Not etymologically restricted to "territory ruled by an emperor," but used that way. The Empire, meaning "the British Empire," first recorded 1772 (it officially devolved into "The Commonwealth" in 1931); before that it meant the Holy Roman Empire (1670s).

[P]roperly an empire is an aggregate of conquered, colonized, or confederated states, each with its own government subordinate or tributary to that of the empire as a whole. [Century Dictionary] 

Empire as the name of a style (especially in reference to a style of dresses with high waistlines) is by 1860, in reference to the affected classicism prevailing in France during the reign of Napoleon I (1804-15). Second Empire is in reference to the rule of Napoleon III of France (1852-70). New York has been called the Empire State since 1834.

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domination (n.)

late 14c., dominacioun, "rule, control by means of superior ability, influences, resources, or position; the exercise of power in ruling," from Old French dominacion "domination, rule, power" (12c.) and directly from Latin dominationem (nominative dominatio), noun of action from past-participle stem of dominari "to rule, have dominion over," from dominus "lord, master," literally "master of the house," from domus "house, home" (from PIE root *dem- "house, household") + -nus, suffix denoting ownership or relation. Sexual bondage sense is by 1961.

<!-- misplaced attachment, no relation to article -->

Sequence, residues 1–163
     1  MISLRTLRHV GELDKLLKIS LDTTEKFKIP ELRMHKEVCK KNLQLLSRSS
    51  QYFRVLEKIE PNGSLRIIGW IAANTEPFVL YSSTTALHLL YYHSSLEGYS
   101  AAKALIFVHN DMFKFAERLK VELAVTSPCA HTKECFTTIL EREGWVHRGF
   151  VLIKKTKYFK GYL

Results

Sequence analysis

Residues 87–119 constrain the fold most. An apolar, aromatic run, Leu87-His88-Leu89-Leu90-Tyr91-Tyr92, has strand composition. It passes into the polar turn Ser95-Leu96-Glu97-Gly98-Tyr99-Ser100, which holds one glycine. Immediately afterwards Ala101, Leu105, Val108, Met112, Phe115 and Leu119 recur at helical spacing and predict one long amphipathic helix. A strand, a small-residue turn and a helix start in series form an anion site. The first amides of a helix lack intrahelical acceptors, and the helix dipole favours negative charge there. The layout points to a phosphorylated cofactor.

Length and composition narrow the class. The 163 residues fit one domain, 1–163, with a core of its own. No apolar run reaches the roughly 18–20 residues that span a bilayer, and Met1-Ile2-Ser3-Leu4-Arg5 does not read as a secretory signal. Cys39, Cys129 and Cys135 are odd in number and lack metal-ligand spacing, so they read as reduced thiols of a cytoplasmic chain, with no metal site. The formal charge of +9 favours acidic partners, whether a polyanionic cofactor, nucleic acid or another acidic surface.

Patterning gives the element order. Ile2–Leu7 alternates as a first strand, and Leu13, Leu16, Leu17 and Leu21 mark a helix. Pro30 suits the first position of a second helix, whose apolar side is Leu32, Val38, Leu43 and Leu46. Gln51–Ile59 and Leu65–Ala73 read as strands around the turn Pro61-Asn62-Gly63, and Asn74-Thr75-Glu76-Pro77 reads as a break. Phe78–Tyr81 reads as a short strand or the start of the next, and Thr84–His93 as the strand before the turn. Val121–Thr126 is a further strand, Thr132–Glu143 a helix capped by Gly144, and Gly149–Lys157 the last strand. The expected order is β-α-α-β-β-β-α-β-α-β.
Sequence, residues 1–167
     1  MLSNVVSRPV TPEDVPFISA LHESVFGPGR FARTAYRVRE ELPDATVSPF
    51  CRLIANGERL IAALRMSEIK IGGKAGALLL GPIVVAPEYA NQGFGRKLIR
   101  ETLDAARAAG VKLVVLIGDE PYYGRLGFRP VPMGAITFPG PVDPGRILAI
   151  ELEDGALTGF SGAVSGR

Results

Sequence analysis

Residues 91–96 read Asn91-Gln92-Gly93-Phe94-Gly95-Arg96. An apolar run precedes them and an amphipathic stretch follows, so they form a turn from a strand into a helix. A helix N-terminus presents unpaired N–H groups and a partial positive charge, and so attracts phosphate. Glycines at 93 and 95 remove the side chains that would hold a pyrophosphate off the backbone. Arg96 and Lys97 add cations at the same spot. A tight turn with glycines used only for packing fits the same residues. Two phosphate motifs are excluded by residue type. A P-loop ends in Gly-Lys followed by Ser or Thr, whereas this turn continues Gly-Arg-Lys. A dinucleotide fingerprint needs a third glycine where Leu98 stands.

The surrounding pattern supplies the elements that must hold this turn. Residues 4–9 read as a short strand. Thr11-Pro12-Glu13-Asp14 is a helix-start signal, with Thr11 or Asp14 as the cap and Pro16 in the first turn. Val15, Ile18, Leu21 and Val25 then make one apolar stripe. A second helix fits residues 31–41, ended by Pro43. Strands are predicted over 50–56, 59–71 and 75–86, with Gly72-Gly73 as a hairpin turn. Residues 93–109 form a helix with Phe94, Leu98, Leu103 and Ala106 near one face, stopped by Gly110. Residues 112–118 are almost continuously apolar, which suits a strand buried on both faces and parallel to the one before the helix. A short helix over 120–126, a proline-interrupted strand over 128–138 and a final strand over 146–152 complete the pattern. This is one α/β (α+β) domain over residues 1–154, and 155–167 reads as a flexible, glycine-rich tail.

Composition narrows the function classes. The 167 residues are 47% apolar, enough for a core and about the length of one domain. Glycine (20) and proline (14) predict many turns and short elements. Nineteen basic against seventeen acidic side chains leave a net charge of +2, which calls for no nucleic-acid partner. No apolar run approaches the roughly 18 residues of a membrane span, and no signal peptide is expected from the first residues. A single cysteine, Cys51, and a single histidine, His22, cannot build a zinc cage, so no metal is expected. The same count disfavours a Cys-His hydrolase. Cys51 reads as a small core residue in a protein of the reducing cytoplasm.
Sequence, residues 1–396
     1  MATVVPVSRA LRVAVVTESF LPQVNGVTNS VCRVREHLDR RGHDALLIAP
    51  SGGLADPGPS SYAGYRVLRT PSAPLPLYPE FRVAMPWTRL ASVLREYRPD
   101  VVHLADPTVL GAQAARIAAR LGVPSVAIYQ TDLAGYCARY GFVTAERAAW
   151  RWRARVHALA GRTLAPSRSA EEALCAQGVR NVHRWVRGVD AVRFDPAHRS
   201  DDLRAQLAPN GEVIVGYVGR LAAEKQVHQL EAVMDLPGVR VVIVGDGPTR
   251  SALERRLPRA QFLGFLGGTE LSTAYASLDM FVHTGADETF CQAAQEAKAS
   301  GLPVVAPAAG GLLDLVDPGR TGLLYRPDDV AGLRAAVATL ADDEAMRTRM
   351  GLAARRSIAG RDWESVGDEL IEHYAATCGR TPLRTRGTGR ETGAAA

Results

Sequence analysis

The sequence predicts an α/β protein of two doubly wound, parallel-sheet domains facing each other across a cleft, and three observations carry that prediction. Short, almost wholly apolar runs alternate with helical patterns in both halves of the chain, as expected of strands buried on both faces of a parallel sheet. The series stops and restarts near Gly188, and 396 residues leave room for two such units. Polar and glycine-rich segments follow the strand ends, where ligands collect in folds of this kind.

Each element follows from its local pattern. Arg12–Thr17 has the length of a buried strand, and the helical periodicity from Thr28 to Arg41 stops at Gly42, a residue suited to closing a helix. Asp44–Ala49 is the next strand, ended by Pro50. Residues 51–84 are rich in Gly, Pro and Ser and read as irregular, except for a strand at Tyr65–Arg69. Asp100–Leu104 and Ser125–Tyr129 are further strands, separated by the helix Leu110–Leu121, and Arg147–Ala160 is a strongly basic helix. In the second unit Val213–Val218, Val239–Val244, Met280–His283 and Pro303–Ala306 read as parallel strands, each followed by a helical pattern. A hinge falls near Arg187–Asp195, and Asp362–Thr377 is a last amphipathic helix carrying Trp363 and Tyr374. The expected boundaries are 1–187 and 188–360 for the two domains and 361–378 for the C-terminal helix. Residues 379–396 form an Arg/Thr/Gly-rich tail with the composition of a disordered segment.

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sultan (n.)

1550s, from French sultan "ruler of Turkey" (16c.), ultimately from Arabic (Semitic) sultan "ruler, prince, monarch, king, queen," originally "power, dominion." According to Klein's sources, this is from Aramaic shultana "power," from shelet "have power." Earlier English word was soldan, soudan (c. 1300), used indiscriminately of Muslim rulers and sovereigns, from Old French souldan, soudan, from Medieval Latin sultanus. Related: Sultanic.

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potentate (n.)